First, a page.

I am a recent college graduate. I am also drowning in student debt. On my salary, there is no way I can save money or think about buying an apartment while I make large payments on these loans. This will continue for 15 years at least. The pandemic “pause” on payments has been a huge relief. And I’m excited by the possibility of our new president doing something to forgive some of my student debt. But when I talked to my uncle about this, he got angry and took it very personally: “No one forgave my student loans!” I didn’t know how to respond or if I should have. But it’s awkward now. Any advice?
Your uncle’s apparent grievance at the prospect of social progress seems odd. When the Supreme Court legalized gay marriage, for instance, I don’t recall older members of the L.G.B.T.Q. community expressing bitterness that they hadn’t enjoyed the right to marry in their youth. No, we all celebrated the decision as a big step on the road to greater equality.
Same with student debt. The ever-rising cost of higher education has long worked as barrier to students of lesser means and saddled others with crippling debt loads. Black and Latino students have been disproportionately affected. And I would expect people who had experienced this hardship personally to applaud student debt reform.
But your uncle is not the first person I’ve heard grumbling about it. Their take seems to be: “I suffered, why shouldn’t you?” But that’s not a cogent argument against fairer access to education. It’s just punitive. Tell him: “I’m sorry you had a hard time.” That may smooth things over between you. Then add (or just think): “But I’m glad others may not have to suffer.” We don’t have to say everything we believe to everyone.
Enforcing the Playground Mask Policy
I live in a Covid bubble with my in-laws who are helping me care for my two toddlers. We are avid mask wearers. We live in a city where masks are required (for people over the age of 2) in all public places, including outdoors. At the playground, my father-in-law always reminds mask-less people they are breaking the rules. Recently, a family entered the playground, none of whom were wearing masks. My father-in-law told them they needed masks and asked them to stay away from my daughter. I know he was right, but I felt uncomfortable. Shouldn’t we have left if their behavior bothered us?
Why should you leave? The rules are the rules: masks in public places, including playgrounds. Now, let me backtrack immediately. If your playground isn’t marked with a sign about masks at the entrance, encourage your father-in-law to be gentle in his requests to the maskless. They may not know. (I’ve taken to offering spare surgical masks to those who need them. So far, people don’t seem to hate this.)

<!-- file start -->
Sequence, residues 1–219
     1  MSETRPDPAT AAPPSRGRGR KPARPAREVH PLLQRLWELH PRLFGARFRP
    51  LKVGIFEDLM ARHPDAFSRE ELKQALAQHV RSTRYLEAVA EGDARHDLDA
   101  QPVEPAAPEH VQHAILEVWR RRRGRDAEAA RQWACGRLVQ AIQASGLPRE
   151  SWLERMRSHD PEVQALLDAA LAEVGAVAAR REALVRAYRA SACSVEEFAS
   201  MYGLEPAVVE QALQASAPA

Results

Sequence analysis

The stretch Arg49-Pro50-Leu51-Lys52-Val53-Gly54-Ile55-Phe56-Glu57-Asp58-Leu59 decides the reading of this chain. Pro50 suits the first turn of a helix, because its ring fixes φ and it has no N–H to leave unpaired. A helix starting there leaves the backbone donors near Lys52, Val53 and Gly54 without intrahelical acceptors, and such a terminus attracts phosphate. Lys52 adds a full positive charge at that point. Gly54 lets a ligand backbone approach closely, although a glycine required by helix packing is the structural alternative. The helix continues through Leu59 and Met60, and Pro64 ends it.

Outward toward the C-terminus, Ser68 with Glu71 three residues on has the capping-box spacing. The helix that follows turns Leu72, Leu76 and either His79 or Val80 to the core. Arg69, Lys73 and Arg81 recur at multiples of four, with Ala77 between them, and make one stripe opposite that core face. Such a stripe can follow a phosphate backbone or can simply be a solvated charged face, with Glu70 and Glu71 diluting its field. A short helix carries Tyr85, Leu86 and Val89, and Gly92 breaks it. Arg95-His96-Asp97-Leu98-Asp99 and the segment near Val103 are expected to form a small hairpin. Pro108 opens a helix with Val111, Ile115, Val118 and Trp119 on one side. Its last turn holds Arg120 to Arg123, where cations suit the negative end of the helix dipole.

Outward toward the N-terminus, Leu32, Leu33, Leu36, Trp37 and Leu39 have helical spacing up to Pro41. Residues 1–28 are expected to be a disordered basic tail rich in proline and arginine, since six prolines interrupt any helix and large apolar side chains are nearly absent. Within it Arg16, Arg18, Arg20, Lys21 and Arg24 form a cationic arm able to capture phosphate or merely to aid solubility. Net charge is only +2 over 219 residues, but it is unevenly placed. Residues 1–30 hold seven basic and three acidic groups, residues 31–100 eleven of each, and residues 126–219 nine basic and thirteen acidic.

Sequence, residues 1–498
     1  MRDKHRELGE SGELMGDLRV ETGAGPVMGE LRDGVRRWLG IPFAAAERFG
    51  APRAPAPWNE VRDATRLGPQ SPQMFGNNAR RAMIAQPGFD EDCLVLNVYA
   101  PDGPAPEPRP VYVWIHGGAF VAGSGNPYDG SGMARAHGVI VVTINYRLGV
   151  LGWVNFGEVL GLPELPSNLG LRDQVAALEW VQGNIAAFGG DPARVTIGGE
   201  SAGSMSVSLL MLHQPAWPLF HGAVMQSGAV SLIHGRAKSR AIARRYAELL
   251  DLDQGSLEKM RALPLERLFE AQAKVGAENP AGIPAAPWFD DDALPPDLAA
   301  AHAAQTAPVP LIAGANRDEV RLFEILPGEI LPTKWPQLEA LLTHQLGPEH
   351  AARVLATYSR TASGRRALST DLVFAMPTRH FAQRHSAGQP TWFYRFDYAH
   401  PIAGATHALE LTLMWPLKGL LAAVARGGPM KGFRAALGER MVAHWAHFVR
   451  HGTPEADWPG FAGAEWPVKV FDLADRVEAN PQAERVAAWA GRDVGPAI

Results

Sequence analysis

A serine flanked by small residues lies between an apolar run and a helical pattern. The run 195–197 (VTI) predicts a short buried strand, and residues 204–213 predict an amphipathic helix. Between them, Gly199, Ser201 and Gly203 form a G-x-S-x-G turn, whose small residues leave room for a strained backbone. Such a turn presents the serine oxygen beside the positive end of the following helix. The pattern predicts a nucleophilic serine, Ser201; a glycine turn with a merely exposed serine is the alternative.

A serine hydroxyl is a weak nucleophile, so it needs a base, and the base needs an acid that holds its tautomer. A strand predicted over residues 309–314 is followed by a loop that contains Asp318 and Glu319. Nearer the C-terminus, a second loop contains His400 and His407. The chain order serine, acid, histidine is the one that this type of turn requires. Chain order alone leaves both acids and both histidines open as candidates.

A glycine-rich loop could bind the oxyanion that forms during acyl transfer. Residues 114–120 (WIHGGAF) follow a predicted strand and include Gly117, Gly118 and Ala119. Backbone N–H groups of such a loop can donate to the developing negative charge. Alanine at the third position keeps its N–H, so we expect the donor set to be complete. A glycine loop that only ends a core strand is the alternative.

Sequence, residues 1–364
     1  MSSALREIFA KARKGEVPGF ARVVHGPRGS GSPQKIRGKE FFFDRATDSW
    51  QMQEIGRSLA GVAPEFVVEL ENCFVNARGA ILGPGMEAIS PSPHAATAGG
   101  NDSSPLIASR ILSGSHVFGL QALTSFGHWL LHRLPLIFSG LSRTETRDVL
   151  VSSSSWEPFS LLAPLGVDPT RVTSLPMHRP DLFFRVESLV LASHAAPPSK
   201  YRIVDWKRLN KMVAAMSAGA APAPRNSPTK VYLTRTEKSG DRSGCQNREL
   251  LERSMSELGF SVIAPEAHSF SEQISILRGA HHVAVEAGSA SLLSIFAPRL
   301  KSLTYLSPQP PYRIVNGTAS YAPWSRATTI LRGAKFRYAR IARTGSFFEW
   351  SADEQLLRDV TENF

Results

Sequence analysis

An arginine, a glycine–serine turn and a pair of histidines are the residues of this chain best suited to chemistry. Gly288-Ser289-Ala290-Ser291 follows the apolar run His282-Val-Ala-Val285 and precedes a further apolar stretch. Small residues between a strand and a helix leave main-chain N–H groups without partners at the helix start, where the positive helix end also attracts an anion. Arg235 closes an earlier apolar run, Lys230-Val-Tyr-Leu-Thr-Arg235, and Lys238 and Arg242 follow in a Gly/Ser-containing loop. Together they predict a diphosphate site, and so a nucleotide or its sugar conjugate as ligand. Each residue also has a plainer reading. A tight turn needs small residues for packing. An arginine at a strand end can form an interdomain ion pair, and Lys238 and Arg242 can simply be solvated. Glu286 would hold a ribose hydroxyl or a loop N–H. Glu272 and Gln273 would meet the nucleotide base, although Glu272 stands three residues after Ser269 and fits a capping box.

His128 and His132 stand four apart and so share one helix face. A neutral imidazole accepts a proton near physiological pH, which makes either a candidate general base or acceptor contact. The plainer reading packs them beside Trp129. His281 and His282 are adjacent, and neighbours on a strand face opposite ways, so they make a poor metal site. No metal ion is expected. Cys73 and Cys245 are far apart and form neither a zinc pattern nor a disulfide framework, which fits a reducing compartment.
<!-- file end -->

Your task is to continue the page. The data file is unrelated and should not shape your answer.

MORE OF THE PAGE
Still, I’ve read news reports of scuffles breaking out over mask debates, including a case that resulted in death. We don’t want that on the playground. So, if you hear or sense anything ominous in your father-in-law’s interactions, pack up your children and leave quickly. Better safe than sorry, no?
Cool It With the Scripture Screenshots?
Several years ago, I met a woman at church and we clicked. (We were both pregnant.) We were friendly, but not close. After our babies were born, I moved across the country and focused on new motherhood, a new city and a new job. My friend continued to text me, mostly to check in. But now, she sends (almost exclusively) screenshots of Christian devotionals and scriptures. I am not interested in them. She sends 15 screenshots for every personal message. I don’t want to be rude, but it’s overwhelming. Advice?
I may be wrong, but I suspect your friend is sending these screenshot texts to a large group of recipients in a single stroke. There is nothing rude about opting out. Just say, “I like being in touch with you. But I’d rather not receive the devotional texts. Can you remove me from that list, please?” If there’s a relationship worth saving here, this won’t end it.
My next-door neighbor is one of my best friends. When the gas line to our house had to be enlarged, we discovered it ran under her driveway. She was lovely about giving us permission to dig up her land. This morning, I saw one of the gas company workers smoking a cigarette. I told him my friend prefers that no one smoke on her property. I don’t know if this is true. I dislike people smoking on my property, and I assume she feels the same. The worker gave me a cold stare, and my husband said I was officious and had no business saying anything. Your thoughts?
Well, you lied. It’s not the worst one I’ve ever heard, but I’m not going to applaud you for it. Next time, limit your requests to activities taking place on your property. For what it’s worth, though, I expect the gas company would frown upon its employees smoking on the job.
For help with your awkward situation, send a question to SocialQ@nytimes.com, to Philip Galanes on Facebook or @SocialQPhilip on Twitter.